The extracted coffee oil had iodine values that were too low, too high viscosity to be used in direct combustion engines, and too high acidity to be directly converted into biodiesel without undergoing pre-treatment.  However, the high HHV indicates that the oil extracted may be used for direct combustion.  The biodiesel produced was also characterized, and researchers found that the acid value and viscosity were too high to comply with biofuel EN standards.  They suggest that the high water content in the oil and the high acid value may have hindered the completion of the reaction.  Caetano et al. indicate that more improvements in the SCG biofuel production process must be made in order to improve the quality of biodiesel to meet the EN standards.  Some of these improvements include obtaining a higher methyl ester content by drying the oil, removing water between esterifications, neutralizing excess acid before transesterification, and using different methanol-to-oil molar ratios.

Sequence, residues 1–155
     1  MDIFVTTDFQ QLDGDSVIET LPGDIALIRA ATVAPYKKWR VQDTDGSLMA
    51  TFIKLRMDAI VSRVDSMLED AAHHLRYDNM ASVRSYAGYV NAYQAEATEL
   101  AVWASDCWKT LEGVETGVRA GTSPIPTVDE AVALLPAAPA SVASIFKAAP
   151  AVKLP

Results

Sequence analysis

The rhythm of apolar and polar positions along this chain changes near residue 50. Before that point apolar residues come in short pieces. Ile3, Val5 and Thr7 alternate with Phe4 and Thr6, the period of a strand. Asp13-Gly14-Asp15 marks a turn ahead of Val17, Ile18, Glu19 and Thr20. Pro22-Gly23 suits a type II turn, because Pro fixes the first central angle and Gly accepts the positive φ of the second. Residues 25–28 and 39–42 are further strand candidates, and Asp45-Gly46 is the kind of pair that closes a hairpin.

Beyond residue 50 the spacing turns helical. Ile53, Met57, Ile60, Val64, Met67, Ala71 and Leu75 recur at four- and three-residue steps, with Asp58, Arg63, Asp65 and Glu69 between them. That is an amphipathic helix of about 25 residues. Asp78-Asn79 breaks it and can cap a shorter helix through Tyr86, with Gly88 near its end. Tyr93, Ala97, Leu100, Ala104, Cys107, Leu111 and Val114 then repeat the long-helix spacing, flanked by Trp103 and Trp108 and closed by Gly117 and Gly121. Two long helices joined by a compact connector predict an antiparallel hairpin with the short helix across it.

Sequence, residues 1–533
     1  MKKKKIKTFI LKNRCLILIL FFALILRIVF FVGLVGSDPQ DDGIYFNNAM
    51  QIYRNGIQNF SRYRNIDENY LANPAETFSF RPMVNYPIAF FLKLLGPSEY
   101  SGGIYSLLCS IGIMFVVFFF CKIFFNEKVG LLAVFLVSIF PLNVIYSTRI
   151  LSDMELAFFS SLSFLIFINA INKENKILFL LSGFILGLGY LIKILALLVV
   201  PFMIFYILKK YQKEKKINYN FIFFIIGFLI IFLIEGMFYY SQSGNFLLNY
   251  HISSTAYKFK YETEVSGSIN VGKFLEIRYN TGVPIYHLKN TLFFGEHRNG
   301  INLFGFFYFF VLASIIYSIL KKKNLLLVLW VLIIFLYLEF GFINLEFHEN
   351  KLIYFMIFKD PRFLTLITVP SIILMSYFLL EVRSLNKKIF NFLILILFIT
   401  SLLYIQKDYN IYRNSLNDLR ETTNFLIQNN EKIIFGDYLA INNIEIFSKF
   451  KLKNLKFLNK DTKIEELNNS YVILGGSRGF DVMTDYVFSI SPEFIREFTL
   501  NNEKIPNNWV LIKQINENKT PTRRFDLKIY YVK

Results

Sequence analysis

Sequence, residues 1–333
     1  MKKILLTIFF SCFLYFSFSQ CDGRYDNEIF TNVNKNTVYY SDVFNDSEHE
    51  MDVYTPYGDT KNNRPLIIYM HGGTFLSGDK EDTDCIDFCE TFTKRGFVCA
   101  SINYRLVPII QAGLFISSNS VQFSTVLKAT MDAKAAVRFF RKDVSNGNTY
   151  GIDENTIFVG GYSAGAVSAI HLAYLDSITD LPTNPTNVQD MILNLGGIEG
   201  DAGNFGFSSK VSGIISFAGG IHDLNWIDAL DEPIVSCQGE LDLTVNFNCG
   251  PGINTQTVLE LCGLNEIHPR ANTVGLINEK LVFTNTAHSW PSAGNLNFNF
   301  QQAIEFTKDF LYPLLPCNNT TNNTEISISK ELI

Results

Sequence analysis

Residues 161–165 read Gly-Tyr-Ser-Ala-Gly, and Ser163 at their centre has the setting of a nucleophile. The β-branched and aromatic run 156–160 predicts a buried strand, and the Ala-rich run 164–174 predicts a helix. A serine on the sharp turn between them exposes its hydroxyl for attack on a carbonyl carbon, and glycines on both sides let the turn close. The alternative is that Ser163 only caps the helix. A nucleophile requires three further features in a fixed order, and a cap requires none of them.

Effect of Increased Corn Ethanol Production on Food Export and Land Use Changes